Jackie gave me a pretty notebook with matching pen which I used on holiday to record things such as what we had for lunch.  Just now it is hiding somewhere but MTL vaguely remembers I had an expensive fish - as one does - and he had steak and kidney pudding.  I do remember that both that and the dessert were scrumptious and I suggested we could possibly come again on an anniversary and stay the night.  A definite maybeJ

After lunch we returned to Cricket St Thomas and I went on the little puffer train through the gardens.  Did I tell you the guard said it was planned to stop the train after this year but a troop of young girls were so angry that it should be stopped they were going to make a lot of noise on You tube.  Power to their arm!

Photos below.

Hornsbury Mill

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Sunday, June 17, 2012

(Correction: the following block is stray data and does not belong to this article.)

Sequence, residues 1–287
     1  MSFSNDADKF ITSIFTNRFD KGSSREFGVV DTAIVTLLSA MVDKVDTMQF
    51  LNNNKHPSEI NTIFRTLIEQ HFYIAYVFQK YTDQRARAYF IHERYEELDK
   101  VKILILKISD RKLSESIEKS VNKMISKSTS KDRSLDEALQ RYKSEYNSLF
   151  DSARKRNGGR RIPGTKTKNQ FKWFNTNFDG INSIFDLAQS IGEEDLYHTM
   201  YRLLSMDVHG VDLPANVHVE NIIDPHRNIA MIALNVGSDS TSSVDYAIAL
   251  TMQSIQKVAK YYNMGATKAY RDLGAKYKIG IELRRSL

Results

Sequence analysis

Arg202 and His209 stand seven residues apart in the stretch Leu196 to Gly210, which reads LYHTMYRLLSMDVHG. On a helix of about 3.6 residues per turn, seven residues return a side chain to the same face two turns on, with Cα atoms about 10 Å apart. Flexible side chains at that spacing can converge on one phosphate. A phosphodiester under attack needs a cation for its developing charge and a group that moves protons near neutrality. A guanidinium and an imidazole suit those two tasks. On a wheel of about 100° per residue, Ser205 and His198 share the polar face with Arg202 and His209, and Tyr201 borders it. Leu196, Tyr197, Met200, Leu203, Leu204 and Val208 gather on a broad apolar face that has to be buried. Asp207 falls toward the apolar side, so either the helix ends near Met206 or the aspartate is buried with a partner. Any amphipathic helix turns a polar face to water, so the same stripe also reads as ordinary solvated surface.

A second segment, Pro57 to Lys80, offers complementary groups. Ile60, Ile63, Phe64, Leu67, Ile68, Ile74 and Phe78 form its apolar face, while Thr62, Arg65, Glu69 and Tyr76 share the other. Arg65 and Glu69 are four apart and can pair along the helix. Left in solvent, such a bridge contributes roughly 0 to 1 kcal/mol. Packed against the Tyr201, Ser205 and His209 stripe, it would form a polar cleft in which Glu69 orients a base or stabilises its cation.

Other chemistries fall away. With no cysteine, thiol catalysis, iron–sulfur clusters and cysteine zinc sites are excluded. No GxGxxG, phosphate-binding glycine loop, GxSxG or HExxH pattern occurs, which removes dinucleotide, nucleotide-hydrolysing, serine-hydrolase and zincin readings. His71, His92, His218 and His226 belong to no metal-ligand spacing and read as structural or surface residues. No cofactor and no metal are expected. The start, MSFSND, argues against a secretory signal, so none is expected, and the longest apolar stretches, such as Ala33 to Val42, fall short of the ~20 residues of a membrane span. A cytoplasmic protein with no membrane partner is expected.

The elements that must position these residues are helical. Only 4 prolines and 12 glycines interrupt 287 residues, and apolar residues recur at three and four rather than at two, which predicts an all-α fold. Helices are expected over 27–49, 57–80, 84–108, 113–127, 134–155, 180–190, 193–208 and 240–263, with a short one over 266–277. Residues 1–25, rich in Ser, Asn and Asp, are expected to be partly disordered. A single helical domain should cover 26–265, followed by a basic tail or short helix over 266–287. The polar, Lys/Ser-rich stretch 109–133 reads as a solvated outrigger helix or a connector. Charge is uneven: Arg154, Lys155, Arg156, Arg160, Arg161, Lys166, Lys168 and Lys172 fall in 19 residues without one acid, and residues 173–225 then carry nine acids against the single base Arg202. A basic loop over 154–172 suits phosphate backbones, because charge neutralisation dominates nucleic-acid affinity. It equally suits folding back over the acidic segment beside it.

Tuesday, June 12, 2012

Losses and Gains

I lost my brand new hold-all and combed the house for days.  I even phoned shops I remembered visiting in the last few days.  Then I decided as it was so inexpensive I would try to get another of the same shade.  I was passing the shop on Monday when visiting the doctor.  Luck was on my side; the shop was closed on Mondays (I later found the bag) and I got reassuring comments from the doctor.

More good news – the arbour is recovering and slowly getting back to its former glory.  Look at the photographs and see if you can see where that pesky bag was hiding.  I must have been in that room a dozen times.  Only when I was not looking did I see it.  There must be a moral in there somewhere.

Photos below.

Losses and Gains

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Sunday, June 10, 2012

The One fine Day